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Thursday, April 2, 2009

Economic depressions not a problem in totalitarian states

Lev Navrozov emigrated from the Soviet Union in 1972. He chaired the "Alternative to the New York Times Committee" in 1980, and became a columnist for the New York City Tribune. His columns are today read in both English and Russian.

  Between 1807 and 1941 there were five economic depressions in the United States: 1807-1814     1837-1844     1873-1879     1893-1898     1929-1941


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When the fifth depression (1929-1941) began, President Hoover and his Secretary of the Treasury Mellon — at the beginning of their depression-fighting (as cocksure as the depression-fighting by George Bush and now by Obama) — announced that the end of the depression was “just round the corner.”   

Actually, the fifth depression lasted twelve years, and possibly it was World War II, and not fighting it for twelve years, that stopped it.

Whenever an economic depression in the U.S.A. occurred, that was the best proof for the communists all over the world (Marx was 26 years old in1844) that capitalism is impossible without crises, while look at Soviet Russia (Marx was no more in 1918!) or at “Soviet China,” as Mao called it!  

I pulled up “economic depressions in U.S.” in Yahoo.  The first six answers were old stuff. But the seventh answer, “The Current Economic Depression,” was “current”!  It was authored by “Commonwealth Movement” and had 17 pages, of which I will quote the first two sentences:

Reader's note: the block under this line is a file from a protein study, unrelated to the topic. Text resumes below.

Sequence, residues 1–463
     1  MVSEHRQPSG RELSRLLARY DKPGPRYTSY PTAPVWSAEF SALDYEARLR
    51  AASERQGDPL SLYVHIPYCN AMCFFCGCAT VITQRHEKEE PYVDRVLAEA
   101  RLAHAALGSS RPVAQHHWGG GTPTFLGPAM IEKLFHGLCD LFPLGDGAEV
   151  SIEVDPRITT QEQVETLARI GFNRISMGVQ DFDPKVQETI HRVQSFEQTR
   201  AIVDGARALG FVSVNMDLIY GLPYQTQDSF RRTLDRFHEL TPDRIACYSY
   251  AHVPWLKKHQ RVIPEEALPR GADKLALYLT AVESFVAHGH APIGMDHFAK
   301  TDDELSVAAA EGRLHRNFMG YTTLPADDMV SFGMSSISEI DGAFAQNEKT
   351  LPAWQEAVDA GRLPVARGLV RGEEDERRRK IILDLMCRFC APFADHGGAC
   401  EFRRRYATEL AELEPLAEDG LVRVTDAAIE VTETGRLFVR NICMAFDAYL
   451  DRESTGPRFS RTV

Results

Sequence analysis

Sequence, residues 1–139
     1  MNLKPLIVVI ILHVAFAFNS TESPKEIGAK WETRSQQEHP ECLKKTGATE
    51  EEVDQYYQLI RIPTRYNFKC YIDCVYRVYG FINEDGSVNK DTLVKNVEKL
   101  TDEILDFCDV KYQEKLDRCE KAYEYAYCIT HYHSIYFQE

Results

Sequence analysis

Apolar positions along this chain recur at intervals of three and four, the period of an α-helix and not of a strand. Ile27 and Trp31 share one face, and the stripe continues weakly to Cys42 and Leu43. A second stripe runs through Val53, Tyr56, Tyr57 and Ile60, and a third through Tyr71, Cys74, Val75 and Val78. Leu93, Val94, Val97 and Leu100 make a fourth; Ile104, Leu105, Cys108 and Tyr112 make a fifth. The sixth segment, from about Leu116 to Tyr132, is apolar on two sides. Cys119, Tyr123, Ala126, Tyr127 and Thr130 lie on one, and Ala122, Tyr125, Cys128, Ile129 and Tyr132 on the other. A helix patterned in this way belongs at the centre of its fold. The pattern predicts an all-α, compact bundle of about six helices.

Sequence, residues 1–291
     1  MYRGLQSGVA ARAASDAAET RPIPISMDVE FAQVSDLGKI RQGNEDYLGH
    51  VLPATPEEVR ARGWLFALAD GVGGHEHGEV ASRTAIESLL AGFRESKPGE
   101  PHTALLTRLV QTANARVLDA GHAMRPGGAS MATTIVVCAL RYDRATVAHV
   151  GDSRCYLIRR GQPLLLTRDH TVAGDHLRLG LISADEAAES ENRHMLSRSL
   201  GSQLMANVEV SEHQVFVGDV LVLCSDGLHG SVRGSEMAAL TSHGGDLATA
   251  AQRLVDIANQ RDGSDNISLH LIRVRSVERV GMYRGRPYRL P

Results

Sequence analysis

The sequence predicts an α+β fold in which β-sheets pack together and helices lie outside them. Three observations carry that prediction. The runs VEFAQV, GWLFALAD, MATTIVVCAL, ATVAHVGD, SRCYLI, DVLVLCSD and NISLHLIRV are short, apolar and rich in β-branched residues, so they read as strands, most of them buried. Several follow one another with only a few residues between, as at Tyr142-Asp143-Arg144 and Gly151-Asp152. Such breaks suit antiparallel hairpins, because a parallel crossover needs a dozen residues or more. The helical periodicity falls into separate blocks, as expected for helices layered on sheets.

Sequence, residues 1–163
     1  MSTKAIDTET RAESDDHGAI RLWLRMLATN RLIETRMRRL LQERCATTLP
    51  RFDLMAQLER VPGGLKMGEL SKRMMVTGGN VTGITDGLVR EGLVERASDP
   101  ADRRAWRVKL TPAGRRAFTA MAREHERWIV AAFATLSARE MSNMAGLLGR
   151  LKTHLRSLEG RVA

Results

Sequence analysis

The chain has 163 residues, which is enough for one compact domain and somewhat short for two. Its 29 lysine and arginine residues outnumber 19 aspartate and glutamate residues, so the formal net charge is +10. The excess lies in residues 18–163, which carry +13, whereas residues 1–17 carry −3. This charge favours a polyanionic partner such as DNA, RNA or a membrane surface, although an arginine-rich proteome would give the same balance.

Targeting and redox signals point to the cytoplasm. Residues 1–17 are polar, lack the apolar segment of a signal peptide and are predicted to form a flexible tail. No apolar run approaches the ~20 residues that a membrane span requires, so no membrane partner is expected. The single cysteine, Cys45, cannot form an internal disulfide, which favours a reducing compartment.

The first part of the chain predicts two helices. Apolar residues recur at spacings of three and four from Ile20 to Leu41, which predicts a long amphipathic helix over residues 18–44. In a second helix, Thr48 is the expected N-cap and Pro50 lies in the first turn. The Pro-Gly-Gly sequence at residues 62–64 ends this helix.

Out-of-control predatory capitalists have perpetrated a worldwide economic depression.  Capitalism’s degenerate character is now extraordinarily visible during this time of multiple crises.  

On each side of the page there is a picture of a miserable emaciated proletarian who carries on his back a huge pack of money, with a bourgeois seated atop of the pack and smoking a cigar. 

The running foot on each page of the article says “,” but the 17-page-long manifesto seems to have been written either by Marx or Lenin or some of their disciples. Well, they are right in the sense that a necessary condition for a crisis, depression, or even recession is freedom, namely economic freedom.  But if the “director of a Soviet state enterprise” is told “from above” how much he should produce this year, how many employees he should employ, and how much they should be paid, certainly there can be no crisis.  If they produce more than they were told to, let them produce as much less in the next year.  If they produce less, what product may be needed now and not the next year?  A certain drug?  Let’s have extra stocks of it in a special drugstore, to which a customer will be dispatched with his prescription.  If that drugstore cannot fill his prescription either, and the customer starts making a fuss beyond asking for the “Book of Complaints”, call the police. After all, Mao and Stalin shot or tortured to death 80 million human beings.  What is the death or a concentration camp for one drugstore customer?  

Now, free enterprise means freedom of when to produce what, how much, by how many employees, and at what price to sell.  Yet, this set of variables is economically interconnected with other sets of variables, which should vary accordingly.  Imagine millions of such sets of variables.  When discrepancies between them are too many or too large to adjust locally, an economic depression sets in.